Ad Hawk is an occasional series evaluating the effectiveness of political advertising.


The 2015 federal election is in the home stretch, so cue the attack ads.

Liberal Leader Justin Trudeau is the focus of two new attack ads from the Conservative Party, providing solid evidence that Conservative Leader Stephen Harper's campaign brain trust has concluded that this election has become a two-horse race. Leader Tom Mulcair and his New Democrats are nowhere to be found in either Conservative ad.

Conservative ad No. 1: 'Economically Clueless'

Note: Ads are produced by the candidates, their parties or their agents. They are embedded here for informational purposes only and their placement does not constitute an endorsement by CBC News.

What's the message?

Hard-working Canadians risk losing everything, the ad suggests, if they elect Trudeau as prime minister. The ad quotes a newspaper columnist who referred to Trudeau as "economically clueless" and argues that Trudeau hasn't "thought through" the Liberal platform he is advocating.

The ad — which features several shots of Trudeau and none of Harper — sets out to frighten Canadians by warning that Trudeau would incur a $10-billion deficit "and a $1,000 tax hike on the typical worker" — the latter referring to a payroll tax.

"Families: Cancel child-care cheques" is the next headline, with the word "cancel" in giant letters set over a picture of a cute baby playing with toys. And this is "all to pay for his out-of-control spending," the ad argues, showing a headline on screen of "$146 billion in new spending." The ad ends with the now familiar kicker: "Justin, he's just not ready and you'll pay for it. We'll all pay for it."

Why now?

The NDP's decline in public opinion polls might accurately reflect what the Conservatives are seeing in their own, private polling research — namely that the Oct. 19 election has come down to a choice between Trudeau and Harper. Hence the no-holds-barred attack on the Liberal leader.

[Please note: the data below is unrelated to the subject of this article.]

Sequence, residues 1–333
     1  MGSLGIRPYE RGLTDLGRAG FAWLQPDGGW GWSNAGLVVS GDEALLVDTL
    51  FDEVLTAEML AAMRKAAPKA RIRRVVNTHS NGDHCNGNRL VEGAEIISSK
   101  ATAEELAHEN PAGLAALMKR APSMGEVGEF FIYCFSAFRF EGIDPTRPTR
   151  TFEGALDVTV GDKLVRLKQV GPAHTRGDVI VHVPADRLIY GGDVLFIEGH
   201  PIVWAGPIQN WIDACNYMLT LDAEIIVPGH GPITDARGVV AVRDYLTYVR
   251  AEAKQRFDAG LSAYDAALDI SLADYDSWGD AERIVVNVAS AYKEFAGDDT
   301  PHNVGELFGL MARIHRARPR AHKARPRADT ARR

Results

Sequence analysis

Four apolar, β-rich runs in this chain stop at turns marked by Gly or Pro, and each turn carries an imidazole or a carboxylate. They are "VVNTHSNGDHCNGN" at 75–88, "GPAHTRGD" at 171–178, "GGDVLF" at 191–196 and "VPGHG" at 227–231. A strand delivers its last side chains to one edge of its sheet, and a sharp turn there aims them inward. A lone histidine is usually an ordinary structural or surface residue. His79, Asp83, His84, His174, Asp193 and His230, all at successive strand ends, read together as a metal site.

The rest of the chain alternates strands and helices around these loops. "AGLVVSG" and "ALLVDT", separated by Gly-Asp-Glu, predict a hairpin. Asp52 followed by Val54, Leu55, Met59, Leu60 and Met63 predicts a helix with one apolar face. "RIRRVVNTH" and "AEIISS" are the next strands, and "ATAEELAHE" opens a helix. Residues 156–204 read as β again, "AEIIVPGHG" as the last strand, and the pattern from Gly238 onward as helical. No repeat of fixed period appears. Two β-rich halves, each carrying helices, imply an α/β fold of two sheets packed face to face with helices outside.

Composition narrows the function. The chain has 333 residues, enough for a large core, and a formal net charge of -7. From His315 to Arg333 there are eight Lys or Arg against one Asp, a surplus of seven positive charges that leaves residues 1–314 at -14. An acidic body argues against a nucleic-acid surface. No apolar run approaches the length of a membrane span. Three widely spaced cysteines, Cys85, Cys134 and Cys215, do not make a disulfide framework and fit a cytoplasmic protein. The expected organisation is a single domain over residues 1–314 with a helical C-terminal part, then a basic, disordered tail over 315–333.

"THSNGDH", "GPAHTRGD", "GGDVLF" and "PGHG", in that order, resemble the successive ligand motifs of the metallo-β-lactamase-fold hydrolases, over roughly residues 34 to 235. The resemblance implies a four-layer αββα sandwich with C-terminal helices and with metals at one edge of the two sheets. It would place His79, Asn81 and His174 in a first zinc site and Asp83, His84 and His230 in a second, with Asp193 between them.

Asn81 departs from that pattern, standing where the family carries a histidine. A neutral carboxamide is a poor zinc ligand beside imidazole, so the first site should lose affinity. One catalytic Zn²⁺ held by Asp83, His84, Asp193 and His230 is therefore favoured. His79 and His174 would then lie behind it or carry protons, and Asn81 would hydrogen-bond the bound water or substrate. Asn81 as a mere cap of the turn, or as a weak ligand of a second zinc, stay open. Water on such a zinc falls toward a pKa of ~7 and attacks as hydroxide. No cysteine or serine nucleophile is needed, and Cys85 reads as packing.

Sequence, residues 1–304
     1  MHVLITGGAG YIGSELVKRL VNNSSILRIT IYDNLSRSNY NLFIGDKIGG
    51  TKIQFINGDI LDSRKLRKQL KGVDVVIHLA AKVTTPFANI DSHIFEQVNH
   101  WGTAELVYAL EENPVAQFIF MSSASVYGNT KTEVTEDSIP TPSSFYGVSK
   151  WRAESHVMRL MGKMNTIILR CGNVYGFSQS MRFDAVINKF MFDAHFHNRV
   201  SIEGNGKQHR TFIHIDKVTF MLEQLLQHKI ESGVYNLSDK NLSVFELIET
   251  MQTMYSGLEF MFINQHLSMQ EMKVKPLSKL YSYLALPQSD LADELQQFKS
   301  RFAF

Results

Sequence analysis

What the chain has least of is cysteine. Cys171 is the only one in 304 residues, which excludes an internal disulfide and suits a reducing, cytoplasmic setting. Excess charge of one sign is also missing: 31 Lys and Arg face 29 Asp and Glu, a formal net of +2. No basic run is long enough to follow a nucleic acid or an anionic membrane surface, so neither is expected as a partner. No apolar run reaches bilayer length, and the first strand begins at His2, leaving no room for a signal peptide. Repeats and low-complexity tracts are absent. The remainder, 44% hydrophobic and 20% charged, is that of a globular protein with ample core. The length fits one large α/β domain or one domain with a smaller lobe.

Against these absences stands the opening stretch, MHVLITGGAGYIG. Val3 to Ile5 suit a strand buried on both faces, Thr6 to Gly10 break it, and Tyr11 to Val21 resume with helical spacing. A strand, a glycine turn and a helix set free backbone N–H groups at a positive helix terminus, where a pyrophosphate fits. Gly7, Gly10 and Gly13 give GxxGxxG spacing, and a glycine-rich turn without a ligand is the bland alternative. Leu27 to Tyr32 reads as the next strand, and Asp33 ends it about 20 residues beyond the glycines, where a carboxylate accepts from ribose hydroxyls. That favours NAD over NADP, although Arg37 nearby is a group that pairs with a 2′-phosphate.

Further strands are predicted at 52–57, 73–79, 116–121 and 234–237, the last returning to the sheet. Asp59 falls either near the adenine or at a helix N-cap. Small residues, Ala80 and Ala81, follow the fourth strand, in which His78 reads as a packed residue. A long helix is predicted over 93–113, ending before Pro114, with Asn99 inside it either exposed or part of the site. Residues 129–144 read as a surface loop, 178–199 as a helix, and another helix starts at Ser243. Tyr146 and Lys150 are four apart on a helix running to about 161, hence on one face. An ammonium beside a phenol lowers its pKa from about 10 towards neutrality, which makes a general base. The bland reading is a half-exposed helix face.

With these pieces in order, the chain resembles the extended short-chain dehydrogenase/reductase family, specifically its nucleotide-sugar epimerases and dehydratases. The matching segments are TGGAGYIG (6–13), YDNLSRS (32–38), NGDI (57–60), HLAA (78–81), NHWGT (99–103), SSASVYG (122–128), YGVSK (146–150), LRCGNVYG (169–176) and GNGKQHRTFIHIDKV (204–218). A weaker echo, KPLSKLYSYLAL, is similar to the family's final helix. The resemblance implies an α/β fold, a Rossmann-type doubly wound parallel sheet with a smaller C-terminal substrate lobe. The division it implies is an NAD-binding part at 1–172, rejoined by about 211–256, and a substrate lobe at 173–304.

Kernel of truth here?

The Conservatives are careful to have just enough truth to make their claims. On the one hand, the Liberals will cancel the Conservatives' child care cheques — but for Canadians earning less than $150,000, they are proposing to replace them with richer, tax-free monthly benefits. The $1,000 payroll tax can only refer to the Liberals' support for a supplemental pension plan, the details of which haven't been worked out. And so on.

What score or rating would you give?

This ad scores a 2/5 because it is too much a cliché of a political attack ad – almost a parody version. Voters are more sophisticated about these kinds of negative ads than ever before. They are seeking authenticity. And they won't find it here.

Conservative ad No. 2: 'Canada faces a big decision'

What's the message?

This ad argues that "it's decision time — Liberal or Conservative," and then places on screen a hand-written chart, with the left-hand column titled "Justin" and the right-hand column titled "Harper."

The ad fills in the "Justin" column first with the same allegations as the ad above, except for the addition of an unspecified small-business tax hike. The "Harper" column is filled in with "protect our economy with a balanced budget," and "a tax cut on your paycheque," specified on screen as a 20 per cent payroll tax cut, and an unspecified tax cut for small business.

"Higher taxes with Justin. Lower taxes with Harper," the announcer states. "In an election this close, there's a lot at stake for you and your family."

Why now?

The motivation behind this ad appears to be as described above, to generate a clear contrast between Liberal and Conservative platforms and leaders.

Kernel of truth here?

Again, many of the suggestions about the Liberal economic plan used in the ad above are repeated here. The Liberals might argue it amounts to a distortion of the facts, but twisting the truth is traditionally what attack ads are all about.

What score or rating would you give?

This ad scores a 3/5 because it is far less clichéd than the first ad above. The theme is simple for most Canadians to grasp — the clear choice they have to make. In that sense, setting aside the facts, it works.


Bill Walker is president of MidtownPR. He was previously the Ottawa and Washington bureau chief of the Toronto Star. His assessment is part of an occasional series evaluating the effectiveness of political advertising.